Health Exchange Rollout Gets Poor Reviews

WASHINGTON (AP) - The debut of the government’s health insurance marketplaces drew a huge audience — and underwhelming reviews.

Just 7 percent of Americans say the rollout of the health exchanges has gone extremely well or very well, according to an AP-GfK poll.

The reaction was somewhat better among supporters of the new health-care law, but still middling; 19 percent said the rollout went extremely well or very well.

Among the uninsured — a key audience for the health exchanges — 42 percent said they didn’t know enough to judge how well the rollout had gone, suggesting an ongoing lack of awareness about the program in its early days.

Despite the bumpy rollout, plenty of Americans are giving the system a try.

Seven percent of Americans reported that somebody in their household has tried to sign up for insurance through the health-care exchanges, according to the poll. While that’s a small percentage, it could represent more than 20 million people.

Three-fourths of those who tried to sign up reported problems, though, and that’s reflected in the poor reviews.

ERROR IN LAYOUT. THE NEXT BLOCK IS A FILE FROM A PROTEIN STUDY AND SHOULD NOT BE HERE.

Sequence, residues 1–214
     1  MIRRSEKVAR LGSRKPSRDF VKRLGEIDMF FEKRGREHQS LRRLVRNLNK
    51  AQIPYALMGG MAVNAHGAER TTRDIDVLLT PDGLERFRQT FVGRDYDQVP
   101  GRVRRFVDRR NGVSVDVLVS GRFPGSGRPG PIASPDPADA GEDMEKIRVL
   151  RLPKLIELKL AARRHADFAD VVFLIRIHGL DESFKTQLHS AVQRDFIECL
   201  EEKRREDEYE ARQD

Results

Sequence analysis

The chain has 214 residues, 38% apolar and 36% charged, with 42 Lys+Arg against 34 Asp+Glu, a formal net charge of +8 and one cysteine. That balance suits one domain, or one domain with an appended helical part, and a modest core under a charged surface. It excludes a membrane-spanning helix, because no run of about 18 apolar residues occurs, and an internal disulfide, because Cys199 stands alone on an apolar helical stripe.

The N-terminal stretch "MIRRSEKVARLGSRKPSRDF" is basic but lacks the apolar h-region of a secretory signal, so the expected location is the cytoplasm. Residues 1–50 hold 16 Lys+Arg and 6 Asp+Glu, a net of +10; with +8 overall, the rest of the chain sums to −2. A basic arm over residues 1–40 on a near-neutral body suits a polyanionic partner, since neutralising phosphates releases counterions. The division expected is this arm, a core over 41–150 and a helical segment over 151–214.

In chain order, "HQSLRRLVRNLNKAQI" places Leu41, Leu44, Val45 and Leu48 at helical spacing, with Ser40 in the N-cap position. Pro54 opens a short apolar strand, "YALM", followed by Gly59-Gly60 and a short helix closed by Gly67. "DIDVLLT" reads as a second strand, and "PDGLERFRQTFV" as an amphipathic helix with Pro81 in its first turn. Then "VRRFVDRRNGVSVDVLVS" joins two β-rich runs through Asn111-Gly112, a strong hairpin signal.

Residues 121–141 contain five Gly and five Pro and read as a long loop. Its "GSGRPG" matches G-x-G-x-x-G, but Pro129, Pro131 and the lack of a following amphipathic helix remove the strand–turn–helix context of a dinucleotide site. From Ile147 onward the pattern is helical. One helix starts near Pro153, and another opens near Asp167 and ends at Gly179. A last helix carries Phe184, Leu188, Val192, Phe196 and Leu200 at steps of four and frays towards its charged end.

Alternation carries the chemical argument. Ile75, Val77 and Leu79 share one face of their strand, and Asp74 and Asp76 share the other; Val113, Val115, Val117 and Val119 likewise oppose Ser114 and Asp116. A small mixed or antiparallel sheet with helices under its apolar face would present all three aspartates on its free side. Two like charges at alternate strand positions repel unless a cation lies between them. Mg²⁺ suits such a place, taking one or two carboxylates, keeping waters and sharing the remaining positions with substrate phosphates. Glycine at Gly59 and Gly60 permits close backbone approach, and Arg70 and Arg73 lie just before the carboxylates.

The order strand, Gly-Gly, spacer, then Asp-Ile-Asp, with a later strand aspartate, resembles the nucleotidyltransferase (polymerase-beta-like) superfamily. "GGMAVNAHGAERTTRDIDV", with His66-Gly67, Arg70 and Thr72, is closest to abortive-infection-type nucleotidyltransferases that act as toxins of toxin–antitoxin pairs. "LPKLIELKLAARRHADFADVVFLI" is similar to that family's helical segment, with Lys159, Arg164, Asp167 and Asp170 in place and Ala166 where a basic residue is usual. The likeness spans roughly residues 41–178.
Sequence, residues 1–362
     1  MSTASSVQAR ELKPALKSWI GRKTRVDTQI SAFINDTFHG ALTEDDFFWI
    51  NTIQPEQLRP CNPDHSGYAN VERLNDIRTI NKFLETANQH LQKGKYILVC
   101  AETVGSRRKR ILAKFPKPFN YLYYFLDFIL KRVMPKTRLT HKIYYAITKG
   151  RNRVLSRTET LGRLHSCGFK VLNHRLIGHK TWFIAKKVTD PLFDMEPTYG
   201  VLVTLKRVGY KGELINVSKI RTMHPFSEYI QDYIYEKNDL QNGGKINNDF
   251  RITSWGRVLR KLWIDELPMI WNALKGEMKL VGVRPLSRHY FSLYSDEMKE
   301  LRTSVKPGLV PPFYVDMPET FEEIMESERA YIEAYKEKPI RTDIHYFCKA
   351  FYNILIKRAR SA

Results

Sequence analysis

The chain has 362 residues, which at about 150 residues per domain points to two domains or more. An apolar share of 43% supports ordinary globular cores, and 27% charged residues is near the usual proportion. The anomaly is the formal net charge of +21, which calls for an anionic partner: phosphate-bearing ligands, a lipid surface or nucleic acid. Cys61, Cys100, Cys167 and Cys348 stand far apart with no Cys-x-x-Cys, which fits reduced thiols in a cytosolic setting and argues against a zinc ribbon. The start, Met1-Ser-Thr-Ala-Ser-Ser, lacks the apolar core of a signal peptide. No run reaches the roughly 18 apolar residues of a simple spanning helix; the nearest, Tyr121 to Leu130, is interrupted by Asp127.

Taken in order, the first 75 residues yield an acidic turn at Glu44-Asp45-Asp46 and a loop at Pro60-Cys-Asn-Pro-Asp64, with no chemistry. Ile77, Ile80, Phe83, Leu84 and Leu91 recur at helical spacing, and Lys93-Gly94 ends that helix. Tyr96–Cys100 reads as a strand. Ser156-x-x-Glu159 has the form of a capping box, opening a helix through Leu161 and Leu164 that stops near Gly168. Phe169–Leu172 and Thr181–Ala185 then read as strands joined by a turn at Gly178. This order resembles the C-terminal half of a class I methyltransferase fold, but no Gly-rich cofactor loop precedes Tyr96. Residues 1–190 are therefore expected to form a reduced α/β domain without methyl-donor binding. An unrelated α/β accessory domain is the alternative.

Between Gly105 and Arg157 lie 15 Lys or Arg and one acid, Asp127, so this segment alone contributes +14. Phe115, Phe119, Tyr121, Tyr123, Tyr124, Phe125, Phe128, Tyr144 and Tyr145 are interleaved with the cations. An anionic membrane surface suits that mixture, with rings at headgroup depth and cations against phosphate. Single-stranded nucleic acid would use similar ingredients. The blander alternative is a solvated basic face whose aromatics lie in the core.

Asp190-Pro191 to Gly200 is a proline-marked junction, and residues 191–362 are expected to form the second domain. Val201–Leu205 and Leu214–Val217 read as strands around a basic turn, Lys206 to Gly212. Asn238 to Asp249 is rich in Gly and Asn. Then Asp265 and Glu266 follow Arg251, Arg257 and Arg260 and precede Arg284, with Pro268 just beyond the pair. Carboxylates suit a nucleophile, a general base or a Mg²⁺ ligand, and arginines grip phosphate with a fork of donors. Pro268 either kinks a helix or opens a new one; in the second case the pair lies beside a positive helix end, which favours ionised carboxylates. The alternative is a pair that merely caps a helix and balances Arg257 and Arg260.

George Spinner, 60, a retired government worker from Ruther Glen, Va., said he managed to create an online account and password before he got stuck. “It kept telling me there was an error,” he said.

Reynol Rodriguez, a computer technician from San Antonio, said he was able to do some comparison shopping online but computer glitches kept him from signing up.

Count Janice Brown, a semi-retired travel agent from Prather, Calif., was among those who had a positive experience.

After some initial trouble on the site, she got through to a help line and downloaded an application to buy a plan for $1,500 a month for herself and her husband. That’s $1,000 less than her current private plan.

“I’m thrilled,” said Brown, 61. “The coverage is better. It’s fantastic.”

Among those who have actually tested out the system, only about 1 in 10 succeeded in buying health insurance, the poll found. A quarter of those who tried to buy coverage weren’t sure whether they’d succeeded.

White House senior communications adviser Tara McGuinness said the administration is working around the clock “to improve the consumer experience,” and she stressed that the poll was taken just six days into a campaign over the coming months to educate people about their options.